In a legislative arena that Republicans have controlled exclusively for almost 10 years, no Democrats were selected in the fantasy draft until State Senators Judith Zaffirini of Laredo and John Whitmire of Houston were plucked up with the top two picks in round three. Whitmire is the Senate's longest-serving member - and he's chaired the Criminal Justice Committee east of the rotunda since Republican Lieutenant Governor David Dewhurst took over as the chamber's presiding officer in 2003. Zaffirini, who ranks second in Senate seniority, appeared to lose some clout when Dewhurst shifted her from the Higher Education Committee chair to the top spot on the Government Organization Committee this fall. But Zaffirini has been the Legislature's hardest working member and one of its most skilled tacticians - and she'd be a highly valuable fantasy player as someone who'll find ways to maximize her power while leading a panel that oversees sunset legislation that keeps state agencies in business or shuts them down.

The freshmen House members that each team must have would go in the final two rounds of the draft as a consequence of the fact that first-time lawmakers simply don't get the opportunity to wield significant influence in obvious ways. Some teams would be forced to draft Democrats in the last round over Republicans they might prefer to stay in line with the partisan player limitations.

Some House Republicans who might not be chosen if Straus is still speaker could expect to go high if the teams were disbanded and a new draft conducted in the event of a change in the speaker's office. State Rep. David Simpson - a Longview Republican who took on the establishment on a number of key issues during his first session two years ago - is a prime example of a legislator whose value would soar if Hughes or another conservative knocked Straus off the dais in the leadership election next month.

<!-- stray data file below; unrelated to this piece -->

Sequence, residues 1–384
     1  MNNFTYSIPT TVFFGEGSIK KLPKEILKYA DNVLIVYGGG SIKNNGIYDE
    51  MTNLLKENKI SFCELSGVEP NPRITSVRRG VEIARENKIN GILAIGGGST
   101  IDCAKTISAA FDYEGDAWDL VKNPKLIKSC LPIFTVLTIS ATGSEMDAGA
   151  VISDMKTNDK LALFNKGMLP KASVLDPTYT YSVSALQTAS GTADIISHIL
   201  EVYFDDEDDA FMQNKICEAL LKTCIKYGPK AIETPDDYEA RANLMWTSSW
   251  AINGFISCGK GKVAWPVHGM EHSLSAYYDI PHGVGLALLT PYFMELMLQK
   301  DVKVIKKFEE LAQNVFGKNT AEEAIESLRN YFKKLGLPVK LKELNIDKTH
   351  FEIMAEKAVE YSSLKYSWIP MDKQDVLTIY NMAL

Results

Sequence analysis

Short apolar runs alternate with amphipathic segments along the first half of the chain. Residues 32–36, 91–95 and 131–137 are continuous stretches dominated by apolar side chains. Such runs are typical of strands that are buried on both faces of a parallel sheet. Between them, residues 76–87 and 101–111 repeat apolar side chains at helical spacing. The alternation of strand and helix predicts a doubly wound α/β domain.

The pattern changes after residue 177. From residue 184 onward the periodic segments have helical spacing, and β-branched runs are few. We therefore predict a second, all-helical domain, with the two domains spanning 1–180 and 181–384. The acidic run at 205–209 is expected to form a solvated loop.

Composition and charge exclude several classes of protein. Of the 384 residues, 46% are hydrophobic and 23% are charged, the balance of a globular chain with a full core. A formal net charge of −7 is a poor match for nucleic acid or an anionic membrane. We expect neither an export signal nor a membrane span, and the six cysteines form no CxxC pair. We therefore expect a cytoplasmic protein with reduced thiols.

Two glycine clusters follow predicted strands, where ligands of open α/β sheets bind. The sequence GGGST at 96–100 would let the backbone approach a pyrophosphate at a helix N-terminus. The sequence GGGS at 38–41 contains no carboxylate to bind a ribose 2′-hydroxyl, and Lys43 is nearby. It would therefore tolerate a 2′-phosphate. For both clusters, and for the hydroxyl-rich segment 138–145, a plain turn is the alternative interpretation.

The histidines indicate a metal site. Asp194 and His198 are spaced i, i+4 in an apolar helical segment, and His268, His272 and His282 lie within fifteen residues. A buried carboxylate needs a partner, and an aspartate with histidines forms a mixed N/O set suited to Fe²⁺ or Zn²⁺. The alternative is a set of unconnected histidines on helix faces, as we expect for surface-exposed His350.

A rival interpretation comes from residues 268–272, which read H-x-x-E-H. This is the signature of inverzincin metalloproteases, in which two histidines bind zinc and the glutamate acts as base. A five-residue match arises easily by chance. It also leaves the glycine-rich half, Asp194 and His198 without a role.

Fantasy Legislature - like the other professional sports with fantasy competition - would have its fair share of surprises and sleepers who make a significant splash after going undrafted and picked up subsequently as free agents or waiver wire selections. For now - however - here is our first stab at a mock draft for the regular legislative session that convenes in Austin on January 8.

Team 1

Round 1: Tommy Williams (Senate R)
Round 2: Jim Keffer (House R)
Round 3: Judith Zaffirini (Senate D)
Round 4: John Smithee (House R)
Round 5: Garnet Coleman (House D)
Round 6: Helen Giddings (House D)
Round 7: Doug Miller (House R)
Round 8: Jason Villalba (House R)
Round 9: J.D. Sheffield (House R)

Team 2

Round 1: Jim Pitts (House R)
Round 2: Dan Patrick (Senate R)
Round 3: John Whitmire (Senate D)
Round 4: Glenn Hegar (Senate R)